When I was a kid, we were told to stand up straight. That meant we were to supposed to become stiff and armored, our chests puffed out, bellies sucked in hard, shoulders yanked backwards, chins lifted and jaws tensed. It was a military posture that was advocated at that time. They didn't tell us to make our jaws tense, but when you stand like that, it's kind of hard not to clench. Give it a try and see.
Then the 1960s arrived. Suddenly we were told to let it all hang out, get loose. We were supposed to let our bellies be soft. Our bellies softened, oh yeah. We over softened our bellies, because we in the U.S. tend to go to extremes. It is our way and I don't think we need to blame ourselves.
At that time, not very many people even knew what yoga was. The martial arts, too, were mostly unknown in America. If you doubt that we had no concept of the martial arts, watch any of the early James Bond movies. The fight scenes are kind of hilarious. No one even bothered to try to make it look real. Thank god for Bruce Lee! He showed us that martial arts are about core strength, balance, poise and awareness.
The practice of yoga, Pilates, Alexander technique and/or any of the martial arts will help develop what is now called core strength. Core strength means the spine and internal organs are supported by the muscles that surround the spine as well as all three sets of abdominal muscles. Core strength also refers to a self awareness, grace, and authenticity. With strong cores, we are neither too soft nor too hard. We are vivid and real. Does that make sense?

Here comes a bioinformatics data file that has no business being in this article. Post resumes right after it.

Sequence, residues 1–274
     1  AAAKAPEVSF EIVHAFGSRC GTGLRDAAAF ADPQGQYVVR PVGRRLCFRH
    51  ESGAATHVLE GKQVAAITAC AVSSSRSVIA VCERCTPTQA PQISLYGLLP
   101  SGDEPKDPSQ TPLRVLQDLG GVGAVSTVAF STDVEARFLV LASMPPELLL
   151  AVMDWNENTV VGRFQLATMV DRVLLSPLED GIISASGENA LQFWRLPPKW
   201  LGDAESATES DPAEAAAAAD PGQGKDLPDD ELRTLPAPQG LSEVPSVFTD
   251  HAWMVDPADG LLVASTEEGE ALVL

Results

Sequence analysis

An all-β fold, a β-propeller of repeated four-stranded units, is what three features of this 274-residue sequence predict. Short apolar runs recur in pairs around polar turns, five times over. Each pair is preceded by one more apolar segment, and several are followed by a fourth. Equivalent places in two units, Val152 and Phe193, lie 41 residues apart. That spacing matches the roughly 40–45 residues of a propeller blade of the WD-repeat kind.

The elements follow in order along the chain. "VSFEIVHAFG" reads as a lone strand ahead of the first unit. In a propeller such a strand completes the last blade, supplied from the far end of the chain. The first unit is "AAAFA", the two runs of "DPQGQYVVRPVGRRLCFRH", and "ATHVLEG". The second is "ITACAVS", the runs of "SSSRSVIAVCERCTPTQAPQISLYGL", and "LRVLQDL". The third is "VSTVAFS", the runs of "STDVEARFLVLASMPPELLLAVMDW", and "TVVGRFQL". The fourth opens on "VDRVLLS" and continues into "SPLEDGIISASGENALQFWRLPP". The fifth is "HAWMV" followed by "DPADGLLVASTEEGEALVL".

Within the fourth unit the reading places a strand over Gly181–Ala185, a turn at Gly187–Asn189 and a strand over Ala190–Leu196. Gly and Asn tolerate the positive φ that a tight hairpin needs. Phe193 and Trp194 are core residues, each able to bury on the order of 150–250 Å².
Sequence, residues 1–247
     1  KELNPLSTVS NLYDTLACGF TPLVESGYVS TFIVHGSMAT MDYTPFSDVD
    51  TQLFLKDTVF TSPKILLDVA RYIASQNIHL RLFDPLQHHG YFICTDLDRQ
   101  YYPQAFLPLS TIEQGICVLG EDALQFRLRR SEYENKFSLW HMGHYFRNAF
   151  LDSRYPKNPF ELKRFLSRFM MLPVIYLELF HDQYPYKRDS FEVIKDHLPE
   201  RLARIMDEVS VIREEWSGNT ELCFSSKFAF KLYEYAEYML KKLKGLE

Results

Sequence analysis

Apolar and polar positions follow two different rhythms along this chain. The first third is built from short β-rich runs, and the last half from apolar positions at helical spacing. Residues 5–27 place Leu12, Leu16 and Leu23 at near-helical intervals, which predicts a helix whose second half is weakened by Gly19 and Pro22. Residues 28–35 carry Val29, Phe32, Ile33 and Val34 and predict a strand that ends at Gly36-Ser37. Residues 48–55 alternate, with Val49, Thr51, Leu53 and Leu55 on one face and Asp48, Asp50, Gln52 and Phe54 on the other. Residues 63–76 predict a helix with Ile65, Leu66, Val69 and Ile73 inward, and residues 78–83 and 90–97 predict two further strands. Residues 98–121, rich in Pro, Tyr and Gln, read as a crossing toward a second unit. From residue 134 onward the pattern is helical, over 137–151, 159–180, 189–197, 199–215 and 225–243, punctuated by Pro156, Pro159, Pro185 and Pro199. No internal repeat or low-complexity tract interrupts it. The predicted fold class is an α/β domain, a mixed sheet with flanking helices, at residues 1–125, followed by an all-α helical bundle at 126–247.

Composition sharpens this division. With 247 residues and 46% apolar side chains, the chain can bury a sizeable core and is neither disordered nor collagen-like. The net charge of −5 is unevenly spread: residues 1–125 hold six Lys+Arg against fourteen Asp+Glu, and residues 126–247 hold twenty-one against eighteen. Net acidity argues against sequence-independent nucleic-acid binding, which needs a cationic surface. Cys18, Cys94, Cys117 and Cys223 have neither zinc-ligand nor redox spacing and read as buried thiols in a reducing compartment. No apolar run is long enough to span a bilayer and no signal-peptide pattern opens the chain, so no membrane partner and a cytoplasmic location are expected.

Please don't yearn for a hard body. Those who have pronounced six packs, for instance, have overdeveloped their rectus abdominis muscles. That can impair functioning of the organs and result in back strains or sore shoulders because the muscles are over-engaged. I can't figure out why anyone thinks that's sexy. A boyfriend you can kick in the stomach. He won't even notice. Is that sexy? A six pack indicates external armoring of the type that was once so popular. A hard body is not flexible or resilient.
Also, if I were you, I would avoid any exercise program called "boot camp." You wouldn't believe how many people come to me with strains and sprains caused by doing too much, too fast, in these over-ambitious exercise programs. I think these "boot camps" are our culture's version of spiritual austeries, meant to make people stronger through punishment. I think of those saddhu guys I saw in India, sitting within a circle of fires, meditating fiercely.
Do you want to improve your core strength? Here's a simple practice, borrowed from Pilates. Practice as often as you remember to do so. Your abdominal muscles will respond and over time become healthy and resilient, holding your spine and organs without squeezing them.
Core strength is neither hard as a rock nor soft as jelly. It isn't external, but arises from flexible, resilient, engaged muscles close to the spine and surrounding the trunk of the body. The Tao of Goldilocks is what you're looking for.
Stand up and take a couple of deep breaths. Now imagine you've just put on a pair of jeans straight from the dryer (they will be rather snug). Not tight, just snug. Imagine zipping up your jeans. As you visualize, feel your lower abdomen pull inwards as it would in that situation.
Now imagine buckling your belt. As you imagine, engage the muscles around your waist. Feel it in your back as well as in the front body.
Finally, button your vest, engaging the muscles towards the center line from your navel to the bottom of your breastbone.
Let your belly be engaged but not tight. You shoulders will be relaxed, neither curled forward nor yanked backwards, and your head will align itself on your spine. It's kind of amazing to feel everything line up at the conclusion of the exercise.
Take a couple of breaths, smile and go on about your day.